Yes, I think PIP is probably the way to go when you want to show moving video on a web site. I captured the site before I really knew how to use Camtasia, and I noticed later that the default rate was 6fps, so the video (in a box) looks very jerky, but the rest of the screen looks fine. I haven't tried capturing anything at 30fps, but I was going to do that next. However, putting the video in separately is probably best because a 30fps capture probably takes a long time and results in a very big file that then has to be downsized later.
My use of things like PiP to "simulate" user interaction goes back to before the digital age. We used to shoot ads for HP and always assembled the monitor display from separate shots. Because of the limitations of the films of the day, we learned a lot of "workarounds," and even today I still use some to make things "look" like they are something else.
Unfortunately, apparently Techsmith doesn't have a 64 bit codec...
At this point, I'm editing PPro CS5 tutorials in CS4... as weird as that sounds.
I believe that Adobe includes a CS4 installer with PPro CS5 don't they?
Thank you for sharing that info. Like many suppliers, I feel that they are working on 64-bit, so that CODEC's, Effects, etc., will soon be ready. Maybe by then, MS will have released Win7-64 SP-1, and have fixed many driver issues too.
It is my understanding that yes, CS4 a 32-bit app, is included. Now, what I do not know is if this is an across-the-board inclusion, for CS5 upgrades, full priced program, and all suites, or if there are limitations. I would assume that it is available on the install media, probably as an option and probably on the last, or supplemental disc. However, I have no idea about the download version. Just a guess - it would not be in the download. I would check with Adobe, just to be sure WHERE it is included. I am thinking the suites, as some programs are not yet 64-bit, but it could be in the upgrade, or full program (which will also have Encore, a 32-bit app.).
As that poster has not shown back up, I am not sure if he/she was able to sort things out. I know that Jeff Bellune was working with several folk on the PrPro and also on the Encore forum, regarding TechSmith CODEC's, and the editing of the Camtasia material. Perhaps a search in those fora, for "Camtasia" and maybe filter on that poster's screen name, will locate the threads there. I try to link to useful Camtasia discussions, but obviously miss many. If you do locate some additional useful info, please PM me, and I will add the links here.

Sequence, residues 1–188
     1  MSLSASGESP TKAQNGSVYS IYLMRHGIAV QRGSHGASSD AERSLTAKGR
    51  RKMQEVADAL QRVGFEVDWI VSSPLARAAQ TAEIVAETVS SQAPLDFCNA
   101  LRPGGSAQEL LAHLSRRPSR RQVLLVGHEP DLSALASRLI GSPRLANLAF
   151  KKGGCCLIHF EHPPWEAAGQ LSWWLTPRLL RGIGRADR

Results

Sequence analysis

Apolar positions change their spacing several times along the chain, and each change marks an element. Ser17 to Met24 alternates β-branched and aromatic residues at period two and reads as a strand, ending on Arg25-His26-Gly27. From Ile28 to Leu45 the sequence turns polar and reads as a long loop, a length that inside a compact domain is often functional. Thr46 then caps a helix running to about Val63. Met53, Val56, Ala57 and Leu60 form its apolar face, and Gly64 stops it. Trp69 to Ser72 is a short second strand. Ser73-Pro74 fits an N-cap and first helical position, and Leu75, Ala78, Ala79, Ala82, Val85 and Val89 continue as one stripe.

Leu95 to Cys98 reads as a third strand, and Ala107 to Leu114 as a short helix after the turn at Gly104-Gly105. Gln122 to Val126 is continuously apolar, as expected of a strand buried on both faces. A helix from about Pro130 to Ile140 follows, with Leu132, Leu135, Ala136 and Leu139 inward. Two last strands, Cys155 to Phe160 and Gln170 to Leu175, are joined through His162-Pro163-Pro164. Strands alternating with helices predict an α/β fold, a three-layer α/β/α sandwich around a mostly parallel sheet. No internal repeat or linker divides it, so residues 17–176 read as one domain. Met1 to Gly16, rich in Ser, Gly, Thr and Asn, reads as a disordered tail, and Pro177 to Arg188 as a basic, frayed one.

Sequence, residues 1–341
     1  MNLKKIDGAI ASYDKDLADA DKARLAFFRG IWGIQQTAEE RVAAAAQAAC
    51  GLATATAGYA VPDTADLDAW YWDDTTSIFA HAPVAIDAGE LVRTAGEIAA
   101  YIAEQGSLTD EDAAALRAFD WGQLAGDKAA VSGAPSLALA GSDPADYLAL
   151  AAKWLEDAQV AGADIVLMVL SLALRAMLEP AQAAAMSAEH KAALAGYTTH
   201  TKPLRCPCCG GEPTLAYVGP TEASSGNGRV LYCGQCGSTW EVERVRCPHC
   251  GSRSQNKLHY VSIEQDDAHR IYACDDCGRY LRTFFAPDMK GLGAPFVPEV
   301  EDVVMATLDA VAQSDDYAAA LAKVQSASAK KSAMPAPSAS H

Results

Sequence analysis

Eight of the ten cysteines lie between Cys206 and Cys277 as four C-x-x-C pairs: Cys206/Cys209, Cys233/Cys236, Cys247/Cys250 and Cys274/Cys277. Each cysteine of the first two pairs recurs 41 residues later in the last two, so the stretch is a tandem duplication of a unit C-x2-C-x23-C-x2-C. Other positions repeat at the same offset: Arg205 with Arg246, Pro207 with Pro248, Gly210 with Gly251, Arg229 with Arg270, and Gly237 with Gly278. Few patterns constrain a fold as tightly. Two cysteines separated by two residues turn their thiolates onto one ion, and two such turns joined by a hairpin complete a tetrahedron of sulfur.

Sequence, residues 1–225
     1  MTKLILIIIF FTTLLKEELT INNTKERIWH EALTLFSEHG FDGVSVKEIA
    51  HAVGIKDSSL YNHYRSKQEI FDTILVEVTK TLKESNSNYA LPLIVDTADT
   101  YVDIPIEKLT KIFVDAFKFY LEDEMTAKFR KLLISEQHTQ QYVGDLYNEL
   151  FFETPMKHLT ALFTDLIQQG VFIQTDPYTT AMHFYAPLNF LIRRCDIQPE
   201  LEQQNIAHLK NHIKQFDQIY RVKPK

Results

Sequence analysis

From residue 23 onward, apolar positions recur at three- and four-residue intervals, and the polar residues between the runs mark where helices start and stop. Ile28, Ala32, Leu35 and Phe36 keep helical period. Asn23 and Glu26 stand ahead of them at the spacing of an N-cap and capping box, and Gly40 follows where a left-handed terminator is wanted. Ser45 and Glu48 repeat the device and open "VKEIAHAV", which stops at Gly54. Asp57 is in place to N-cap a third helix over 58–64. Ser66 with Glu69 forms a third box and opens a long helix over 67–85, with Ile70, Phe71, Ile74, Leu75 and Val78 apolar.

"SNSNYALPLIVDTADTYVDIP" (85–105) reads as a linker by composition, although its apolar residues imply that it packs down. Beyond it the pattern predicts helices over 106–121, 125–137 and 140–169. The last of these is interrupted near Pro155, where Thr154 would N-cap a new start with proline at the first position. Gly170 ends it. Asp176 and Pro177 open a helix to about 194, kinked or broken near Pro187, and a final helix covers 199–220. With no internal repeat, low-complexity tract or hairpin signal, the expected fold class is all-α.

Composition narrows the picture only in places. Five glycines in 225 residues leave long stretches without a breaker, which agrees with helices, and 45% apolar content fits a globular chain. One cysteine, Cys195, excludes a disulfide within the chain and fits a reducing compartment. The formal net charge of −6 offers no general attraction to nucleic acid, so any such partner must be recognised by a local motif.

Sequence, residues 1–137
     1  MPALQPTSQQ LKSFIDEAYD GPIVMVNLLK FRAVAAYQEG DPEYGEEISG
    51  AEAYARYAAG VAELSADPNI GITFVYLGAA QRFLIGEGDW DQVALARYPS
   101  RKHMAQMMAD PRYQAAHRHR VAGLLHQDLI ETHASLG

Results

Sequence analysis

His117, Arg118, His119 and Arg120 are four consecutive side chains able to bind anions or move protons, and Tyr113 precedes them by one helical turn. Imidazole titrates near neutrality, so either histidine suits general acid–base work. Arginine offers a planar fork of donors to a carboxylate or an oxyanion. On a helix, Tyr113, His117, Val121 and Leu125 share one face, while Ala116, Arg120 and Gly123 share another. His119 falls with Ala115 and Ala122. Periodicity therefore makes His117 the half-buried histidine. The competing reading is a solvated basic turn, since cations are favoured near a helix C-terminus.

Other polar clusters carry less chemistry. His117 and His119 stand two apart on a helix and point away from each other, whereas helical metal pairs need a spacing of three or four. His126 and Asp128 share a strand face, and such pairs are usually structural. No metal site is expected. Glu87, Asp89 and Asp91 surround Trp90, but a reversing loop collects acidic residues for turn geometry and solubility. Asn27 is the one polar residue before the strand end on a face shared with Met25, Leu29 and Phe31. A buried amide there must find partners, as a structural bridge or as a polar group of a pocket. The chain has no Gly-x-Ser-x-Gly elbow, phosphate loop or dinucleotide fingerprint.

Jeff Bellune has just done a TUTORIAL on using Camtasia footage in Premiere. He has been doing tutorials, using Camtasia and Premiere for some years, and this tells how he does it.
Note that Jeff uses PrPro for this, and the latter part of the tutorial are related to the ability of PrPro to do Sequences, plus the Desktop Project/Sequence Preset, and PrE does not have either of those. One will need to structure their workflow here, to match the capabilities of PrE.
One of the challenges, when using a video screen-capture program, like FRAPS, is that one is usually capturing from a computer monitor, that has a different Aspect Ratio (pixel x pixel dimensions), than standard Video. That is pretty easily handled in Premiere Pro, as one can set up a Project's Frame Size, and FPS to match what their video screen-capture program produces. It is not, however, so easy in PrE, as the available Project Presets are for traditional video, and when there is a different pixel x pixel Frame Size, one has but a few options, and usually leaving some black bars is the best. Usually, to accomplish this, they would choose a Project Preset, that has larger pixel x pixel dimensions, and then Import the video screen-capture footage into that.
The other option is to use Motion>Scale to increase the screen-capture footage, to fill at least one dimension (eliminating the black bars there), but if they wish to fill both dimensions, then something has to give, as the Aspect Ratios are different. Something, somewhere, must be cropped by the Frame Size of the Project, and this is usually not what is desired. Also, one could use the Fixed Effect>Motion>Scale, with Constrain Proportions unchecked, and Scale the height and width independently, but this WILL distort the Clip - might, or might not be what one wants.
For output, one has the option to do cropping, but not all output formats support this - however, some do.